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Social Justice, Food Loss, and the Sustainable Development Goals in the Era of COVID-19

Department of Community Health & Prevention, Dornsife School of Public Health, Drexel University, Philadelphia, PA 19104, USA
Sustainability 2020, 12(12), 5027;
Submission received: 3 June 2020 / Revised: 15 June 2020 / Accepted: 16 June 2020 / Published: 19 June 2020
(This article belongs to the Special Issue Meeting Sustainable Development Goals by Reducing Food Loss)


The United Nations’ Sustainable Development Goals (SDGs) rest on a set of broadly accepted values within a human rights framework. The SDGs seek to improve human lives, improve the planet, and foster prosperity. This paper examines the human rights framework and the principles of social justice and shows that, while the SDGs do not specifically state that there is human right to food, the SDGs do envision a better, more just, world which rests upon the sufficiency of the global food supply, on environmental sustainability, and on food security for all. Then the paper examines the interrelationships between the SDGs, food access and waste, and human rights within a framework of social justice. Finally, it looks at the potential pandemic of hunger wrought by COVID-19, showing that COVID-19 serves as an example of a crisis that has raised unprecedented challenges to food loss and waste in the global food supply system and tests our commitment to the principles espoused by the SDGs.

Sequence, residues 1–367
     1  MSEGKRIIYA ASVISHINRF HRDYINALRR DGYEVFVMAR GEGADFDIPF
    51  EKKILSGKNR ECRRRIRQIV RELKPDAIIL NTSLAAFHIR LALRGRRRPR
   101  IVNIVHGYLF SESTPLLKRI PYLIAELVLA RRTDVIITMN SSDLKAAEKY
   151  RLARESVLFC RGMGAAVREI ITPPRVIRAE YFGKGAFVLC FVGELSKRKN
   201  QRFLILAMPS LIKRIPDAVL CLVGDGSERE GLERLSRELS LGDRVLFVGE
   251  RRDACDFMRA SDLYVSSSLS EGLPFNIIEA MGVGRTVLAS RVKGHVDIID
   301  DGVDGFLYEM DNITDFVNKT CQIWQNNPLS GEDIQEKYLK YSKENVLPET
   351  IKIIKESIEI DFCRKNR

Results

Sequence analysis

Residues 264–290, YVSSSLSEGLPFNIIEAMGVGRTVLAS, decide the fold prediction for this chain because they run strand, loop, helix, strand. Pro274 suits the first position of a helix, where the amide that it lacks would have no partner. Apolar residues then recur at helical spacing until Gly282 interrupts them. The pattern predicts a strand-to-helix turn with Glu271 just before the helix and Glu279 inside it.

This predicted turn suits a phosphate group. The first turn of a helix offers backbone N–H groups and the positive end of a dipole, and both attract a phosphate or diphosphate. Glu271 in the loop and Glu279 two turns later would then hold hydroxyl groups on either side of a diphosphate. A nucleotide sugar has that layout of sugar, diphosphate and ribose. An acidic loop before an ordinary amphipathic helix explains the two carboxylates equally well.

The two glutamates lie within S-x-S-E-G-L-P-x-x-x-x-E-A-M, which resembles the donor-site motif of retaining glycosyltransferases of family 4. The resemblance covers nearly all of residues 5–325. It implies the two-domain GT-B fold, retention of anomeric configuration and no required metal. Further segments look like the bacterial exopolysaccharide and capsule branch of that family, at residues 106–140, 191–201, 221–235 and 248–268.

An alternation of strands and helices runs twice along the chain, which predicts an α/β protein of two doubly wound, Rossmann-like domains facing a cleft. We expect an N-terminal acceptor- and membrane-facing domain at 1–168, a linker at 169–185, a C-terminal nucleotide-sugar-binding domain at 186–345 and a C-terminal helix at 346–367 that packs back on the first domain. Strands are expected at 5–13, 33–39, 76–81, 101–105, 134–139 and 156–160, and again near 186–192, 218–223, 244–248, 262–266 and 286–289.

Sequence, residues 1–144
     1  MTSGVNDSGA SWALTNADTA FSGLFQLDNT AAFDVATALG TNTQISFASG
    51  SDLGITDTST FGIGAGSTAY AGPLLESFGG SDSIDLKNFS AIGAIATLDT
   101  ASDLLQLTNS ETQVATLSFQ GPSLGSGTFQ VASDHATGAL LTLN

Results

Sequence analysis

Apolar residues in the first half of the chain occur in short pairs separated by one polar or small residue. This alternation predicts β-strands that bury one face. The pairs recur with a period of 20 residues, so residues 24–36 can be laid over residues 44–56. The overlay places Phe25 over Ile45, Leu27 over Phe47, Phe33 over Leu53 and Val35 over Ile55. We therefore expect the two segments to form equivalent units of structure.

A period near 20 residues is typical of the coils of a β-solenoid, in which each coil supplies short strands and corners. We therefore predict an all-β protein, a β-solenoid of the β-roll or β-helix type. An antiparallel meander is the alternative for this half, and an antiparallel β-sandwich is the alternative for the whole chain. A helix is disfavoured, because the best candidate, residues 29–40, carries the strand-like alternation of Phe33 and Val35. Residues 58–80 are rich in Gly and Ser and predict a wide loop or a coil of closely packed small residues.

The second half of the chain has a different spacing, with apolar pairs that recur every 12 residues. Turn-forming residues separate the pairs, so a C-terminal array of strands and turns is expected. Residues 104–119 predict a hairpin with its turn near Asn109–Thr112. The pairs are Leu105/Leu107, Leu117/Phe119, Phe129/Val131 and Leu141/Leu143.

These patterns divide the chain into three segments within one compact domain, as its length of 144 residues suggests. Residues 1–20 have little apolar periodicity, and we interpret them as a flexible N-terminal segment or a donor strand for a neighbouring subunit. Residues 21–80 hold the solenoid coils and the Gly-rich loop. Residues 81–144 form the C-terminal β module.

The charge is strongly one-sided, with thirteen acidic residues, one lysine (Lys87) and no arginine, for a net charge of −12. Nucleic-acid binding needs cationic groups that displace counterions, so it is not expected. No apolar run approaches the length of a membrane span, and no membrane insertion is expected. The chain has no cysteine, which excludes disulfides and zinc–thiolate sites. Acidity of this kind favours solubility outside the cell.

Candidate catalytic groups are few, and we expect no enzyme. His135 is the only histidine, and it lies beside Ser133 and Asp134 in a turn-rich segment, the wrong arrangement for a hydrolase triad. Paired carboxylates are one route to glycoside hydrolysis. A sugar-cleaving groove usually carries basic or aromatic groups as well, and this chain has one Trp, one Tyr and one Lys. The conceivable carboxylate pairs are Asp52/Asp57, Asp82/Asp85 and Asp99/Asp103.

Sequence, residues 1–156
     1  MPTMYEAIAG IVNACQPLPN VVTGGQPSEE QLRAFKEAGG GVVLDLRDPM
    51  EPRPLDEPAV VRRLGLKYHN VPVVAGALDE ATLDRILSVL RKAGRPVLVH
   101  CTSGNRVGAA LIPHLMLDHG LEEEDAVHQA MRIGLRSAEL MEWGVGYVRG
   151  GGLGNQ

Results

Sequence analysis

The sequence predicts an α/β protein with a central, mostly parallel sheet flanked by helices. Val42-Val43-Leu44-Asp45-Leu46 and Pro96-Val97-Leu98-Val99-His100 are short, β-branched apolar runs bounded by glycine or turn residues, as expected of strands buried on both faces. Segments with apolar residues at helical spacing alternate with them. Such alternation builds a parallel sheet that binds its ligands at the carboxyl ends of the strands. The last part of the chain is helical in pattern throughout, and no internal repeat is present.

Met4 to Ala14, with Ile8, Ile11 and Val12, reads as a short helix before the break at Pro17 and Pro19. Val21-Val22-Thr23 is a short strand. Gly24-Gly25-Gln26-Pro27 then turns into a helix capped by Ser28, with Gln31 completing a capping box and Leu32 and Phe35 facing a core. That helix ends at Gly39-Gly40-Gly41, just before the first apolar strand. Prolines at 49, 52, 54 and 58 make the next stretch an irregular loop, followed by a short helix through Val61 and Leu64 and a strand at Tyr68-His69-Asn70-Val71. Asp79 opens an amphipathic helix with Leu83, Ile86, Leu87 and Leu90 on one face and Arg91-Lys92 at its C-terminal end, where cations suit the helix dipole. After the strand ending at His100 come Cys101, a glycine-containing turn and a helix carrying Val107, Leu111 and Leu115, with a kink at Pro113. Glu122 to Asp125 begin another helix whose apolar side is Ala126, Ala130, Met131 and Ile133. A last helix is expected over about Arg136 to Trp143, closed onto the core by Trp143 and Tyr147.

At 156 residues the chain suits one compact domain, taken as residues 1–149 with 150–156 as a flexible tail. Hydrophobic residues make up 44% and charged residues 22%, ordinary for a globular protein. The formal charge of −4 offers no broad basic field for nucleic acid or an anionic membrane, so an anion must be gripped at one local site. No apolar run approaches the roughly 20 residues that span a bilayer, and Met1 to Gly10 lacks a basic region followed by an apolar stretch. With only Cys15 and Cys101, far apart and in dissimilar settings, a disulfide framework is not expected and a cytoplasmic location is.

1. Introduction